The changes in standards and rates that DeJoy is implementing come right out of that strategic plan. The changes are expected to save about $170 million a year, or about two-tenths of a percent of its operating budget of more than $82 billion. But they will have significant impacts on many postal customers.
DeJoy’s actions are somewhat subject to the independent, five-member Postal Regulatory Commission, which has limited powers to block service changes. The commission, which has a 3-2 Democratic majority, issued a critical analysis of the upcoming changes on Wednesday.
The analysis said that DeJoy’s estimate of cost savings from the changes seemed inflated and that they could “diminish its reliability.” The commission said it doubted the USPS could even manage the changes it was implementing, and recommended that they be delayed. The betting here is that DeJoy won’t pay the recommendation any attention.
It should go without saying that the USPS is not a business, but a public service. It’s true that its traditional standards can’t be profitable in customary business terms. It’s expected to deliver letters anywhere in the United States for the same flat fee, whether it’s traveling across town or coast-to-coast.
With few exceptions, its carriers are expected to reach every household. In return, it’s endowed with an effective monopoly on first-class mail. Its postmarks can legally serve as documentation of when an item was mailed, whether a postcard or a ballot.
It’s true that the service’s revenues have come under pressure as letter mail gives way to electronic communications, and banks and retailers move away from mailing account statements and bills to customers in favor of dealing with them online.
But it’s well-known that the biggest single burden on the service’s bottom line is a 2006 congressional mandate that it prefund its retiree healthcare liability, which no other government agency and few private businesses do. (Most fund those obligations on a pay-as-you-go basis.)
Absent that mandate, the Institute for Policy Studies calculated in 2019, the USPS would have consistently reported operating profits instead of losses. DeJoy has acknowledged the burden of the prefunding mandate, the repeal of which would require congressional action. But his treating congressional committees as troublesome busybodies wasting his time with their questions doesn’t make him a very suitable advocate for that change.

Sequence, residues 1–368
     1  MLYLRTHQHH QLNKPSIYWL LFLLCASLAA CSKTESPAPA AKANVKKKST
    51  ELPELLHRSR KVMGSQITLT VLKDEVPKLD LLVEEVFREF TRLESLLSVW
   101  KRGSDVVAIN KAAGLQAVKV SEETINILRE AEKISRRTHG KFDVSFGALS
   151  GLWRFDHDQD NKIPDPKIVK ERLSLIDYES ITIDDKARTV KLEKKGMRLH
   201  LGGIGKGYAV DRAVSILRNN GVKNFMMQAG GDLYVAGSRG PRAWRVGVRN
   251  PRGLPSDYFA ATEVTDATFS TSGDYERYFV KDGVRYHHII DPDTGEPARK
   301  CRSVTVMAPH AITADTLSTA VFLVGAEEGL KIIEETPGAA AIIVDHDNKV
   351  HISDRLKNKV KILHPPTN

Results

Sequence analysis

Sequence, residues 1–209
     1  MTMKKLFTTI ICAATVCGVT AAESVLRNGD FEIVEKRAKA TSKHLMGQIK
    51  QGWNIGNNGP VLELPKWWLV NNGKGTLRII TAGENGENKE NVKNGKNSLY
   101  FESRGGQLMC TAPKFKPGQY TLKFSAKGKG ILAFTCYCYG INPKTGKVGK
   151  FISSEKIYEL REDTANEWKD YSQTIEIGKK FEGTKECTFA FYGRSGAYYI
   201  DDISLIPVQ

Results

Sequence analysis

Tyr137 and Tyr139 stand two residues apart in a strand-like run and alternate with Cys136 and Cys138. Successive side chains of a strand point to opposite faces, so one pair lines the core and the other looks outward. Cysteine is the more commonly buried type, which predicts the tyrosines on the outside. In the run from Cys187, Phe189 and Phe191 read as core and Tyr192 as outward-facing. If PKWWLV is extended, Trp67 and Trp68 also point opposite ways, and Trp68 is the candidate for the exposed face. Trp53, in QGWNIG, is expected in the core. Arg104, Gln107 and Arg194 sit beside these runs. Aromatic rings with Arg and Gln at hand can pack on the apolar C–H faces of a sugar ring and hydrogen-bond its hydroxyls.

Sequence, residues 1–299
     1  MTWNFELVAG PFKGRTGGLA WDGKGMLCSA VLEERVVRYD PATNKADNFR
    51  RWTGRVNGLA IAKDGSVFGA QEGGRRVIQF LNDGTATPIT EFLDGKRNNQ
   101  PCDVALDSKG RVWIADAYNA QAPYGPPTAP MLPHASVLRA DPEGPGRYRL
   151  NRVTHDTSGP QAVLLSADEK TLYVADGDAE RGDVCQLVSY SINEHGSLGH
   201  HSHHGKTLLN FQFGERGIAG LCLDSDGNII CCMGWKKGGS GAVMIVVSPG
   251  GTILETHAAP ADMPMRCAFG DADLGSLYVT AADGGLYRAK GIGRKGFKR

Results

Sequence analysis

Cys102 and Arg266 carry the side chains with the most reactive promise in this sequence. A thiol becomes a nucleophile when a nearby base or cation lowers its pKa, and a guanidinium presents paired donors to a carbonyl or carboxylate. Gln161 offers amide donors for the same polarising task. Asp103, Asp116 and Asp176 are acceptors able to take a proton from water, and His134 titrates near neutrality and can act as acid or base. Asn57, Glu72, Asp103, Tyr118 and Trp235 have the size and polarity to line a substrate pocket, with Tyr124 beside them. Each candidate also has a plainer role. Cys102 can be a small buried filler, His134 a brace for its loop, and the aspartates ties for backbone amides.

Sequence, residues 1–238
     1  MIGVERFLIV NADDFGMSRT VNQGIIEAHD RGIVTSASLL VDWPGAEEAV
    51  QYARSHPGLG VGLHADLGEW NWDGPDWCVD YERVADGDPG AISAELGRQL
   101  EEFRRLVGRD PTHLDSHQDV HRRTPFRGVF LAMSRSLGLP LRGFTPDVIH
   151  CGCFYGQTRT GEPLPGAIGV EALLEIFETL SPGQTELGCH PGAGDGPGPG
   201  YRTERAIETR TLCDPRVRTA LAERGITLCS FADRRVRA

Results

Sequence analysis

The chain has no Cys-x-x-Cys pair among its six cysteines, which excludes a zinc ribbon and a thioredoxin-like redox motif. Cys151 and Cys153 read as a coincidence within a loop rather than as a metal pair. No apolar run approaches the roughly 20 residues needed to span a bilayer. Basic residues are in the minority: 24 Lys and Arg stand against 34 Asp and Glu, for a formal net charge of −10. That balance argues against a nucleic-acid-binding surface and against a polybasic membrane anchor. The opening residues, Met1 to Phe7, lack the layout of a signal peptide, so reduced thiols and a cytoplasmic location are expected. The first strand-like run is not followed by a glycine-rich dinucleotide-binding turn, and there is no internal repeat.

It’s also true that DeJoy doesn’t serve at the president’s pleasure, but rather that of the nine-member USPS board of governors.
At the moment, the board is split 6-3 with Trump appointees in the majority, but one of those Trump appointees is a holdover member whose term ended last year, and the term of another expires in December and two more in December 2022. That means that Biden can have a majority by the end of this year. Nothing is keeping the present board from canning DeJoy right now, anyway.
Already, the Biden cadre has begun to make its voice heard. At the board’s August meeting, newly-appointed member Ronald Stroman, a former deputy postmaster general, called DeJoy’s plan “strategically ill-conceived.” He said it would create “dangerous risks that are not justified by the relatively low financial return, and doesn’t meet our responsibility as an essential part of America’s critical infrastructure.”
Michael Hiltzik is a columnist for the Los Angeles Times.